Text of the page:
one compartmentalizes in college, if not abandoning it completely. Few have the deep, serious discussions about how to live, partly because the implications of these discussions are way too real. We intensely hunger for truth but don’t know, don’t have the time or don’t have the bravery to start looking. Religion is powerful because of God. Social justice is a noble cause, and lifelong self-improvement should be in the back of everyone’s mind. But being part of a community center can do that for you. For those who think that this is all religion offers, you’re only getting the frosting on the cake. Tastes good, looks good, feels good — but it ain’t the cake. It is the externality of divinity from the meekness and banality of life that makes it powerful. It is this externality that reminds us, when we grow blind by routine, that good and evil are everywhere around and inside of us. When the power goes out, as it’s bound to do at some point in every individual’s life, the distractions with which we foolishly placate ourselves and justify the significance of our existence fade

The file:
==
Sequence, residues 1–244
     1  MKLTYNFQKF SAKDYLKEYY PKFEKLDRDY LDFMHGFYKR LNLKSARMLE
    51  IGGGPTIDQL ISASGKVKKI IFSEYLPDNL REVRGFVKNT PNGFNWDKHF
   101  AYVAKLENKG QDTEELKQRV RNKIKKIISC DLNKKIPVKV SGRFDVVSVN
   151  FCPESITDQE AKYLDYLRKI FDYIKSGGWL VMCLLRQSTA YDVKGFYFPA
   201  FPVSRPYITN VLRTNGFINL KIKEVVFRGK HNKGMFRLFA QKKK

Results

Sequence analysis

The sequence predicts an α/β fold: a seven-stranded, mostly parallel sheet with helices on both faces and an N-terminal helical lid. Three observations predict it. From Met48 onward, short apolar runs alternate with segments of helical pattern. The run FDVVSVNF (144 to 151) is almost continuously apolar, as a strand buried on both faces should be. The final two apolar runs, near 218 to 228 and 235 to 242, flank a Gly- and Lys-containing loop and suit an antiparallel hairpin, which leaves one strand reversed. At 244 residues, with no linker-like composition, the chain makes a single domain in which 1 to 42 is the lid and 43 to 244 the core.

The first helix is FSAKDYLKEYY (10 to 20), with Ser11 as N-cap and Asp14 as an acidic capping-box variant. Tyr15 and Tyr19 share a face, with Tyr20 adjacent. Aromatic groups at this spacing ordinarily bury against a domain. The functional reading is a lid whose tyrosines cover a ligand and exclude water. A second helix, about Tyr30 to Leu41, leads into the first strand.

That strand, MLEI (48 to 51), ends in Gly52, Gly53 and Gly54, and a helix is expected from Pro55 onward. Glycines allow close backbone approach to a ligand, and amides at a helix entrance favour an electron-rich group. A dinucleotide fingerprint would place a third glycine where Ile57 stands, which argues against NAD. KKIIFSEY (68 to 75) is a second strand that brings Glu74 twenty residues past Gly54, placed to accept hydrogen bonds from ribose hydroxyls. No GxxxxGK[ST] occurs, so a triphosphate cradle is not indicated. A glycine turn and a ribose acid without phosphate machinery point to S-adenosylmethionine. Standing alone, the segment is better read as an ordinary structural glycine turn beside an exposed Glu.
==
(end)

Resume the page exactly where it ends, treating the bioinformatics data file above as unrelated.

away. Serenity is hard to come by, but religion isn’t just another balm. Some days you feel good, some days you don’t, but religion teaches you to take everyone as they come and to live authentically — because God is going nowhere. As another convert, English poet Gerard Manley Hopkins, put it, He “plays in ten thousand places, / Lovely in limbs, and lovely in eyes not his.” So Yale, please start talking again. Talk long hours into the night. And sure, you’ll still do your homework, you’ll still run 10 clubs, you’ll still go to Toad’s — but do a little bit of forward thinking, too, so that you’re a little less scared when the lights go out. Ask yourself, when you go to church once a year, why you bother showing up at all. Are you selling yourself short? And finally, while you still can, look, as Hopkins says, just a little closer, “into the features of men’s faces.” Is there anything there? JOHN AROUTIOUNIAN is a sophomore in Jonathan Edwards College. Contact him at .